Here is a gallery of some of my images from my recent trip to South Florida on a photo tour of the areas shore birds. Enjoy!
On the last day of our Photo tour of South Florida, we arrived early to the Corkscrew Bird Sanctuary. The sanctuary has a boardwalk that “corkscrews” throughout the area. Although we did not find many birds nesting or in flight, I came upon two Barred Owls while in the refuge. This Barred Owl Portrait was captured as I walked along the boardwalk in search of photo opportunities. I came upon a corner turn that had a few benches located nearby and when I turned the corner, there he was. He was sitting on a branch a mere two feet from my nose. I was a little shocked at first, but quickly switched gears and lenses and started tripping the shutter. The Owl moved to another branch that was in much better lighting and I was able to capture this Barred Owl Portrait. After a few clicks he flew off into the sanctuary and, although I could still see him, he was out of range for my camera.
Being alert and ever watchful for photographs is necessary to ensure a good capture such as this one. The sanctuary was dark in most places as the sun was still low on the horizon. Throw in the fact that the Owl was also dark, I am surprised I didn’t just walk right past him. He seemed not to mind that I was invading his space a little and stayed around long enough for a few clicks of the shutter. As a wildlife and nature photographer you sometimes show up for a morning shoot and leave with very little to show for your efforts. Sometimes the photos are limited, but yield great results like this portrait of a Barred Owl at the Corkscrew Sanctuary in South Florida, Enjoy!
Barred Owl. A parting shot from our workshop and photo tour of South Florida. Leaving on a Jet Plane in a few hours so its time to pack up the gear and head for home. Our last morning found us at the Corkscrew Bird Sanctuary. Finding a few birds was a bit troublesome this morning, but I found two Barred Owls resting in the trees. I was able to capture a few images of the first Owl until it decided to leave me. The second Owl stayed around for a while and eventually dove into the creek for a bit of breakfast. You can barely see its meal clutched in his talons. The lighting was a bit of a problem but we managed a few shots before this Owl decided to finish its meal up in a tall tree away from the invading Photographers. Enjoy!
Wood Stork! We had a great morning at Ding Darling here in South Florida. The light was perfect, the birds were unique and plentiful, and except for the Sand Fleas it was a great morning. There were only two Spoonbills and they were too far away to capture any images. However, there were two Wood Storks standing close by and the light on them was outstanding by any photographer’s standards. They posed for quite some time. My only challenge this morning was concentrating one one group of birds at a time. While the Storks were posing under great light,a Red Egret was fishing nearby. I had trouble working both scenes at once and really needed to concentrate on one group of the one fishing. In the end, I have great shots from both as well as many others.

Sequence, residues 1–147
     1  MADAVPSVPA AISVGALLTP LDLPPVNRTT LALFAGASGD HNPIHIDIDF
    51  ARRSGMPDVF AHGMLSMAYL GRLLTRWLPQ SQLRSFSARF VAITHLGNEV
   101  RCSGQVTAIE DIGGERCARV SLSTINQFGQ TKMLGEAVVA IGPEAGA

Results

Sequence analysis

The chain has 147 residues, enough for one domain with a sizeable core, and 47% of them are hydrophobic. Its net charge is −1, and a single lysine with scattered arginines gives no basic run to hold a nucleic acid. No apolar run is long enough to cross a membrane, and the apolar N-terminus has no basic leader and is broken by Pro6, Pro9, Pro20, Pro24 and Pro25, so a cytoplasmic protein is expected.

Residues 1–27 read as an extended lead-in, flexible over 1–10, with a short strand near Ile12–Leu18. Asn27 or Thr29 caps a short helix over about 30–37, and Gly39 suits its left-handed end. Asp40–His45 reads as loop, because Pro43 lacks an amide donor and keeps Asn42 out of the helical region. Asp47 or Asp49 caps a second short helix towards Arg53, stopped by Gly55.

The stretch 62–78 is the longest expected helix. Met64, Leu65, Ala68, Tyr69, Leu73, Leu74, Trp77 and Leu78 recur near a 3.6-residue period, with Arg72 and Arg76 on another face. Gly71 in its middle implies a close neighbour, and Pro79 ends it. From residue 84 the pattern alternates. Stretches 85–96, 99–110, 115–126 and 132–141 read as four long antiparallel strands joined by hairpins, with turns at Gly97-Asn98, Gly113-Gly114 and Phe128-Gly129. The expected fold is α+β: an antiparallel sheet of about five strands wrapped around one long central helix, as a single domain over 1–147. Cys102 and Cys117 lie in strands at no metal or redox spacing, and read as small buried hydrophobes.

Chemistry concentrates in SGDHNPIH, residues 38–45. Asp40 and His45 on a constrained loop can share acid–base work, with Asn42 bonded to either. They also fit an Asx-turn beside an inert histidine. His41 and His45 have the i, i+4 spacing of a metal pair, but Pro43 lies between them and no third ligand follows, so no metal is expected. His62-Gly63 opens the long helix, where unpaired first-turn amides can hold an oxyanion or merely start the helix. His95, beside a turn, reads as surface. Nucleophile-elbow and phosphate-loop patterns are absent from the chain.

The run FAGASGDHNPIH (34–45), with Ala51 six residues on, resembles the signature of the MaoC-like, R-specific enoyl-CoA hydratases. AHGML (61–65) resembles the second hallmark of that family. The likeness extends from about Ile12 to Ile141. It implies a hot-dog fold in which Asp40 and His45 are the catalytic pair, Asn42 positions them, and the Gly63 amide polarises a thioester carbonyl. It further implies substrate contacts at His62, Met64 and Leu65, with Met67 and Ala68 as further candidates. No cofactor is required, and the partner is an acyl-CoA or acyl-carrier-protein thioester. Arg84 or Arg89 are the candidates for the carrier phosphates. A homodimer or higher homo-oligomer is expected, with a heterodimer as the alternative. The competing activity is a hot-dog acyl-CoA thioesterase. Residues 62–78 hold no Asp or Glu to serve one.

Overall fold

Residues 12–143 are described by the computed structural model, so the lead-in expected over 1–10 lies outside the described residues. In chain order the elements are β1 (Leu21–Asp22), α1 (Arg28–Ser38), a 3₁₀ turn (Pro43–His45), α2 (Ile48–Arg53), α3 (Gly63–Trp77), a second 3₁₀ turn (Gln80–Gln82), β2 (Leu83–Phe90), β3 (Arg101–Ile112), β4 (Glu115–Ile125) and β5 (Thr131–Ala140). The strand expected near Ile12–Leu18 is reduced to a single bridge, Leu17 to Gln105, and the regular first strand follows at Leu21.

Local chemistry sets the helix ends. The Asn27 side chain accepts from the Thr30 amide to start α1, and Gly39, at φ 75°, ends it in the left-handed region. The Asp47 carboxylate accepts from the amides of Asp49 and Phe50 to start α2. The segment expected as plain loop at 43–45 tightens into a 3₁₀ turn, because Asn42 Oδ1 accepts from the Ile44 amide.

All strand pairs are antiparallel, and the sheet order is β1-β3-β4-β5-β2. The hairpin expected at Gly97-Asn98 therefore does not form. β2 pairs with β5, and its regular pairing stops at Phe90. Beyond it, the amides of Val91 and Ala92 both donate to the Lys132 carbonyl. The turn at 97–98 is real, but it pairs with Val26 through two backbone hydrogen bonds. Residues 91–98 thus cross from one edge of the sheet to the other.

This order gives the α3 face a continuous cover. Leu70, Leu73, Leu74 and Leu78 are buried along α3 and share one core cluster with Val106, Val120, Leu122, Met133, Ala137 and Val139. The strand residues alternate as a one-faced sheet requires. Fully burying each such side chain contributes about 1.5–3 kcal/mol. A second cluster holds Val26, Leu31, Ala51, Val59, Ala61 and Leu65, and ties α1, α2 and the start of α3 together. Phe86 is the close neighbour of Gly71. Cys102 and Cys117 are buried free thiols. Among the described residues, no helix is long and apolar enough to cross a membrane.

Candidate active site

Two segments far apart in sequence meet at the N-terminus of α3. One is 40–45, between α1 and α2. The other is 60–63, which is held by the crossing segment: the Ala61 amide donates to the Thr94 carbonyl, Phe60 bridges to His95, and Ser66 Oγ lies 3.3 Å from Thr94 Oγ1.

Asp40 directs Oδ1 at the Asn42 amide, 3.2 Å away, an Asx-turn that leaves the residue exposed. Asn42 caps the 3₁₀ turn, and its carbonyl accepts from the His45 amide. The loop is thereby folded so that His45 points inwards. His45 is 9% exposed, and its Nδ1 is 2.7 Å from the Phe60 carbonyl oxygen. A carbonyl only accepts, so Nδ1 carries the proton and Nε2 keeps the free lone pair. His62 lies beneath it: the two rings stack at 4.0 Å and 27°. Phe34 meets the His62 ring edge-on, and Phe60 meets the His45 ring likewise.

We moved between two open water areas and found that there were photo opportunities all throughout the Refuge. Competing with other photographers we moved freely from one spot to another and found many active birds as wells some quietly sunning themselves on a sand bar. There were fishing birds, posing birds, and birds in flight. A very profitable morning indeed. Enjoy!
Snowy Egret! Its day two of our excursion to South Florida to photograph shore birds. This morning we were out at O Dark Thirty (5am). We travelled over two hours to find Shark Valley Wild Life refuge in the Everglades National Park. What we found were Great Egrets, Snowy Egret, Great Blue Herons, Tri Colored Herons, Anhingas, Wood Storks, and plenty more. Oh, did I say Alligators? Gators everywhere. It was a great morning. We found a nest of baby Anhingas waiting for Mom to come by with some food. Many fishing birds as well as a Red Shouldered Hawk. I will have plenty more images coming your way in the next few days.
The above image is a Snowy Egret. She sat comfortably by the side of the water until another bird came by and then she ran them off. Only to return to her favorite spot. The sun was rising and cast some great light on this bird. we were photographing Tri Colored Herons fishing in the slough when I say the light play out on this beautiful bird. Enjoy!
Great Egret. This morning was the first of our photo shoots here in South Florida. We travelled to the Venice Rookery where we found many species of shore birds resting and nesting in the trees surrounded by a small pond. This image is of a Great Egret. In addition, we found Great Blue Herons, Ibis, Cormorants, and several others. We have a small group of ten and we spent most of our time capturing these beautiful birds in their mating plumage and flying in and out with twigs to build their nests. We are here until next Friday and I hope to continue these posts while I have the time. It looks like we will be busy from Zero dark Thirty until after sunset. Enjoy!